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I’ve reviewed many loudspeakers over the years, and while many were quite good, only a few stand out in my memory. There seems to be a limit to how much pleasure I get from looking at rectilinear boxes made of MDF over the 12 weeks of the average listening period for a review. Some manufacturers, in an effort to stand out from the crowd, might throw in a curve here, a flourish there, maybe a super-high-gloss finish to add flair to yet another box whose primary -- and, for most listeners, sole -- purpose is to move air.
High-end audio gear can get expensive, but the meaning of expensive depends on the context. For the sake of SoundStage! Ultra, I put most equipment in one of two mental categories: house money and car money.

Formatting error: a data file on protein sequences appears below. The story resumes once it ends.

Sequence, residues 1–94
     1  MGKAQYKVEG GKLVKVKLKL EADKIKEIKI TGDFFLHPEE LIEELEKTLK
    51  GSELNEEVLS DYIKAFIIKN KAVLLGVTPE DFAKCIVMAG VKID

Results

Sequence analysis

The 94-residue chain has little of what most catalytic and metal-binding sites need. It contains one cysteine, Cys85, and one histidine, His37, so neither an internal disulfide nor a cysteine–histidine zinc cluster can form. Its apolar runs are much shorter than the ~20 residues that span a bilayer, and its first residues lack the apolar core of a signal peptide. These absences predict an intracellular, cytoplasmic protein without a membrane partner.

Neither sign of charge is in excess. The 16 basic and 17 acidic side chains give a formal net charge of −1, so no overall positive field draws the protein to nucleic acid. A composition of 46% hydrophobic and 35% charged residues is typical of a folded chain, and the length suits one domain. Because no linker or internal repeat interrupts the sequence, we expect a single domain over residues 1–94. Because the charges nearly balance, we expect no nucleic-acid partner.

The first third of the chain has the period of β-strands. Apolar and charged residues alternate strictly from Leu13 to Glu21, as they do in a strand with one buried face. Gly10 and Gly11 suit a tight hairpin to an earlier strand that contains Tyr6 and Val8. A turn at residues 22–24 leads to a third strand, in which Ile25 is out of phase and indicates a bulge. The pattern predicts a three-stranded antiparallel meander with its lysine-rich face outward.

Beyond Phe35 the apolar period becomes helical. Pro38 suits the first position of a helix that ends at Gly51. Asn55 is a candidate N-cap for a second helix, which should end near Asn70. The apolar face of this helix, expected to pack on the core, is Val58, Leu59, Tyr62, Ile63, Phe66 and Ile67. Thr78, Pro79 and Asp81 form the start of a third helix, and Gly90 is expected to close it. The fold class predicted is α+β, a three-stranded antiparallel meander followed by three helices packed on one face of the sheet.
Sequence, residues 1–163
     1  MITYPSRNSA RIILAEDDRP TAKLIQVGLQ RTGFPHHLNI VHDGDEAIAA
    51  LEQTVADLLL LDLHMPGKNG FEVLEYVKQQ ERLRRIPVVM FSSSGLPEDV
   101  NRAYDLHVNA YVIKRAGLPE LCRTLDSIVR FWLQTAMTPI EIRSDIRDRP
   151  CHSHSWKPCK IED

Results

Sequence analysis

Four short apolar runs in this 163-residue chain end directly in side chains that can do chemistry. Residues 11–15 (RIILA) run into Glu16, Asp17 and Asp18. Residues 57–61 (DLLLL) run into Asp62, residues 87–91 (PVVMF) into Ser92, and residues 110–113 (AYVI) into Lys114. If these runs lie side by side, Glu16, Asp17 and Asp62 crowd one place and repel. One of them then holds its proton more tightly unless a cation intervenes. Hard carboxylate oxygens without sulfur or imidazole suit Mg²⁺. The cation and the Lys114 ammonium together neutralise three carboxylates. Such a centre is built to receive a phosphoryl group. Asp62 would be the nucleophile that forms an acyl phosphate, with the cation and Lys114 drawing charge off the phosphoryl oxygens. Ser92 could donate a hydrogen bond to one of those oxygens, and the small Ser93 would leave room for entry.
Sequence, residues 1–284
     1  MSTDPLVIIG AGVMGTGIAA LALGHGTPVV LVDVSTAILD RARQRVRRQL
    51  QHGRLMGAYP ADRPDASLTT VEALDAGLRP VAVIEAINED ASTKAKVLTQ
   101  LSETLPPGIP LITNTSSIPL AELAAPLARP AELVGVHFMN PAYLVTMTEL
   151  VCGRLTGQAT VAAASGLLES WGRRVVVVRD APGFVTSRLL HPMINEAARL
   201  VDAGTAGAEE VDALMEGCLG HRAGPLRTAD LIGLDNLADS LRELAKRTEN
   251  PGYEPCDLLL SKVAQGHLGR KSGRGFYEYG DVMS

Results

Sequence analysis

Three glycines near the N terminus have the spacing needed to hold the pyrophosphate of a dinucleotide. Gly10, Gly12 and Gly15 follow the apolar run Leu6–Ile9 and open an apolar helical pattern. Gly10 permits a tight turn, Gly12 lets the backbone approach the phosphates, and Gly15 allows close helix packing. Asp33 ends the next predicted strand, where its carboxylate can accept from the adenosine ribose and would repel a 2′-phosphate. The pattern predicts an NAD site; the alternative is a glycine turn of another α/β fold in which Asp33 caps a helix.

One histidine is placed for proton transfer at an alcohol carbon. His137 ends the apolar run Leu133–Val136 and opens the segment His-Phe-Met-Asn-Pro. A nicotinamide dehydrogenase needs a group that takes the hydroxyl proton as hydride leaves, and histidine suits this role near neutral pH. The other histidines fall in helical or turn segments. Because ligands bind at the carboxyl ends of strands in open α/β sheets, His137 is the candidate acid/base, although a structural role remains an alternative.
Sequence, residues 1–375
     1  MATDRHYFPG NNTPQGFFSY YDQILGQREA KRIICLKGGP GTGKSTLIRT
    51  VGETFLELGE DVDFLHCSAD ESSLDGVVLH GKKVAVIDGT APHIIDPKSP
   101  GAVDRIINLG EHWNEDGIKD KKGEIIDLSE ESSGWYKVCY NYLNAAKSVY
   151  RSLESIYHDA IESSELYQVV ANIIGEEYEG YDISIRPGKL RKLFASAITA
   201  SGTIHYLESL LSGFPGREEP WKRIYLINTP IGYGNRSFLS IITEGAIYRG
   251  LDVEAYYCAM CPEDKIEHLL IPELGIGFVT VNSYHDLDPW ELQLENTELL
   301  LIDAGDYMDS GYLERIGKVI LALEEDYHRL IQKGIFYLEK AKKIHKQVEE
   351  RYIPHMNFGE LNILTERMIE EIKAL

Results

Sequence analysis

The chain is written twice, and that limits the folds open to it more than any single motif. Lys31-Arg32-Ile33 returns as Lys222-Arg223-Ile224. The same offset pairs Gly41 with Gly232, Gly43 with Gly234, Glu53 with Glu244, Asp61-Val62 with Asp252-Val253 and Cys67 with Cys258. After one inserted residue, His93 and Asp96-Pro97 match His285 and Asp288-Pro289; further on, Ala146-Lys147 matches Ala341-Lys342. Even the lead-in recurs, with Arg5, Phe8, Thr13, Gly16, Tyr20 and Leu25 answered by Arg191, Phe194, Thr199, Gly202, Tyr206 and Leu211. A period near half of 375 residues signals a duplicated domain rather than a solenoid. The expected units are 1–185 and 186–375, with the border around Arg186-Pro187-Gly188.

In the US, the median price of a home is $236,100 (all prices USD); the average transaction price of a light vehicle is $37,577. I used to review house-money gear, and these days many manufacturers make loudspeakers priced in that category. But most folks can’t afford a second home; it’s fair to say that you must be pretty wealthy to afford that much for a pair of speakers.
Theoretica Applied Physics, based in Princeton, New Jersey, has the most revolutionary digital signal processing (DSP) technology you’ve never heard about. The company’s website states that this technology, the Band-Assisted Crosstalk Cancellation Hierarchy-Stereo Purifier (BACCH-SP), uses digital interaural crosstalk cancellation (IXTC) to create “unprecedented spatial realism . . . [thus] allowing the listener to hear . . . a truly 3D . . . sound field that is simply unapproachable by . . . existing high-end audio systems.”